It is also important to have the author of a work sign a waiver of moral rights or to outline the terms and conditions that will apply to the work’s authorship and integrity.

If these steps are omitted, you’ll be limited in the use of such works. They won’t be part of your assets and will therefore not increase the value of your portfolio. In addition, you’ll be dependent on the consent of the actual holders of the rights to commence actions for infringement, should that ever be necessary.

Mistake #8: Not having your employees, officers, and contractors sign confidentiality agreements (before entering into a business relationship)

The sooner the better! Your company should see to having an agreement intended to preserve the confidentiality of its information signed by all those whom it mandates to perform work that is significant for its development, including its employees.

The type of information that can be protected is virtually unlimited; at a minimum, it includes information related to R&D, market studies, prototypes, ongoing negotiations, marketing research of any kind, and lists of target customers.

Ideally, in an employer-employee relationship, when an employee or officer leaves, a company should make sure to remind them of the confidentiality obligations that will continue to apply despite the end of the relationship.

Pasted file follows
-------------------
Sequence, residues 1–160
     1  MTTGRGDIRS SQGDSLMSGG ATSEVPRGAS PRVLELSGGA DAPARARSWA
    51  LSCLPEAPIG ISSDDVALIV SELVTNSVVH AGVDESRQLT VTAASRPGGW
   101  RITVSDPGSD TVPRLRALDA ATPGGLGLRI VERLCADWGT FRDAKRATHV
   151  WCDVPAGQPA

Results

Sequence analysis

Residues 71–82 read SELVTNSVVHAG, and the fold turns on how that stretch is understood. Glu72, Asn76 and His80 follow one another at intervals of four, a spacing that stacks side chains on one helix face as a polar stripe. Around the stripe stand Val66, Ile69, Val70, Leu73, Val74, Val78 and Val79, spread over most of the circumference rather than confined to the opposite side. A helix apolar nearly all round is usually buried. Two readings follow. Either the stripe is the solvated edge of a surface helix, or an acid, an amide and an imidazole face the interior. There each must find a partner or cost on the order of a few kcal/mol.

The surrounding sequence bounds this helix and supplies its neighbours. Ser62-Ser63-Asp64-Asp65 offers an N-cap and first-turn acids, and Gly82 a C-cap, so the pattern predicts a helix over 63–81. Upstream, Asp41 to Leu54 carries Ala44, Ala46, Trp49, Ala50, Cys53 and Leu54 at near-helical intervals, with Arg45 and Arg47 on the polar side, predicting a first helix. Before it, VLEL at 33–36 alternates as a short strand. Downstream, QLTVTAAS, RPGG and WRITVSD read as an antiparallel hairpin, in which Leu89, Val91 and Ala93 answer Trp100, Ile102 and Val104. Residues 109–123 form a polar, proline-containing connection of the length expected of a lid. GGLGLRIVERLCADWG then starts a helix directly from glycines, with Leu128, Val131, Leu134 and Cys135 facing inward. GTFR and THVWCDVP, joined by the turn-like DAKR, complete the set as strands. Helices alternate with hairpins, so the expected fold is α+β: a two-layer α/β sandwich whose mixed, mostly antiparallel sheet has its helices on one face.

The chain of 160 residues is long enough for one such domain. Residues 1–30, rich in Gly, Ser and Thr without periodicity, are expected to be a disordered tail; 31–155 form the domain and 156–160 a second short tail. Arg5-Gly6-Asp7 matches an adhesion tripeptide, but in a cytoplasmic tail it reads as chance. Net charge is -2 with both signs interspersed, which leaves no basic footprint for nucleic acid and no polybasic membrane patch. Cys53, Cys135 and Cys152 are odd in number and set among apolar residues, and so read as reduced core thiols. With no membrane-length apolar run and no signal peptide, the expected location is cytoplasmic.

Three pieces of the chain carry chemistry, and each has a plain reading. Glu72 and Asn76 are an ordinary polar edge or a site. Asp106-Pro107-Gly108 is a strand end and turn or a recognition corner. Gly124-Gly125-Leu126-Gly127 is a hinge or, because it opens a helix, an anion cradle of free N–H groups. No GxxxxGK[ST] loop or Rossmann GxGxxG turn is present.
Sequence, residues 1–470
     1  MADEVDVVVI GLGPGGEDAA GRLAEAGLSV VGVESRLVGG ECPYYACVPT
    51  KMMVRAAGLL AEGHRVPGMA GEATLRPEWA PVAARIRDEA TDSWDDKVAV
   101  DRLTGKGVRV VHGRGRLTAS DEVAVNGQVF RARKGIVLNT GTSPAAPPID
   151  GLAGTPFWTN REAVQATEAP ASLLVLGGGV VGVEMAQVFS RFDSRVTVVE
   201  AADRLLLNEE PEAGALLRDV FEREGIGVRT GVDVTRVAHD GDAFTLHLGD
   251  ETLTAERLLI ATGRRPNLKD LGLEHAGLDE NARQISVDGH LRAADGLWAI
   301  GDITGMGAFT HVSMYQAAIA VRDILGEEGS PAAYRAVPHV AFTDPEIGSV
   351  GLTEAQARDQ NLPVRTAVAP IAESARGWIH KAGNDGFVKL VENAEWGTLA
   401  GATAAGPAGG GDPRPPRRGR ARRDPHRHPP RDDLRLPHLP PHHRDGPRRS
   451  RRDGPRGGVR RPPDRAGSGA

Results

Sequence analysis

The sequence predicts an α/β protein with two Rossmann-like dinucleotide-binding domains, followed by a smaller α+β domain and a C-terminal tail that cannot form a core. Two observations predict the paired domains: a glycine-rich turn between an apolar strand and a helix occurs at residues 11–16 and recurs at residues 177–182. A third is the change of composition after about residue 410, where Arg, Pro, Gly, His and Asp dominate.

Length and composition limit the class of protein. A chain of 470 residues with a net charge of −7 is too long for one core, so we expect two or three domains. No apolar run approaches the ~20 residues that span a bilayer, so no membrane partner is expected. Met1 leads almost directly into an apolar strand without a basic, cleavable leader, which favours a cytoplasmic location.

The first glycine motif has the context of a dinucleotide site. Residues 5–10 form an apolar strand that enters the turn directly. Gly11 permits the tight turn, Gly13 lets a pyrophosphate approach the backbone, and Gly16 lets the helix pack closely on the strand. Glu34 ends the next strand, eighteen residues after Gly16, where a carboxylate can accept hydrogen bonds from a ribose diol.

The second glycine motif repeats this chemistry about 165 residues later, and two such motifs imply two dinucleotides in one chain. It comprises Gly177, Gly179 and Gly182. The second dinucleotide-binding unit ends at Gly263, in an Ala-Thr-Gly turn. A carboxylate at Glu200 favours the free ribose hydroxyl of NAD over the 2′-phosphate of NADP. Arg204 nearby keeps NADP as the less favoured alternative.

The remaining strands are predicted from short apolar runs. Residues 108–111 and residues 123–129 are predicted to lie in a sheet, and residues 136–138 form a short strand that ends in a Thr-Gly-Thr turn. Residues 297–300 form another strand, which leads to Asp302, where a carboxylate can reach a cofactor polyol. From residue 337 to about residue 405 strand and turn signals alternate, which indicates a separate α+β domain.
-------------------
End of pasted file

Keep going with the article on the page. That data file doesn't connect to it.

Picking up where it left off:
Applying these principles reduces the risk that an employee or partner will publicly share or independently use your strategic information at your company’s expense.

Mistake #9: Not protecting your original products’ shapes and ornamentation within the prescribed time limit

Many are unaware of the benefits of protecting an object’s shape, form, and ornamentation through the Industrial Design Act, or they learn of such benefits too late.

In Canada, such protection has two key requirements:

  • The industrial design must not have been published more than one year before the date on which an application for registration is filed; and
  • The protection must be acquired by registration to exist.

This type of protection is more effective than one might think and should not be overlooked. For example, a search of the industrial design register will reveal how many industrial designs tech giants have obtained. Some industrial designs have even been the subject of high-profile disputes, including one between Apple and Samsung over the shape of tablets.

Apple Inc. uses such protection to prevent the presence of competing products that copy its designs on the market. As an example, in Canada, the shape of the headphones shown below was protected in 2021 and the shape of the phone shown below was protected in late 2020.

For more detail on the protection of each of these articles, see Registration 190073 and Registration 188401.

Conclusion

Lavery’s intellectual property team would be happy to help you with any questions you may have regarding the above or any other IP issues.

Why don’t you take a look at our Go Inc. start-up program? It aims to provide you with the legal tools you need as an entrepreneur so you can start your company on the right foot!

To read the first part of the series, click here.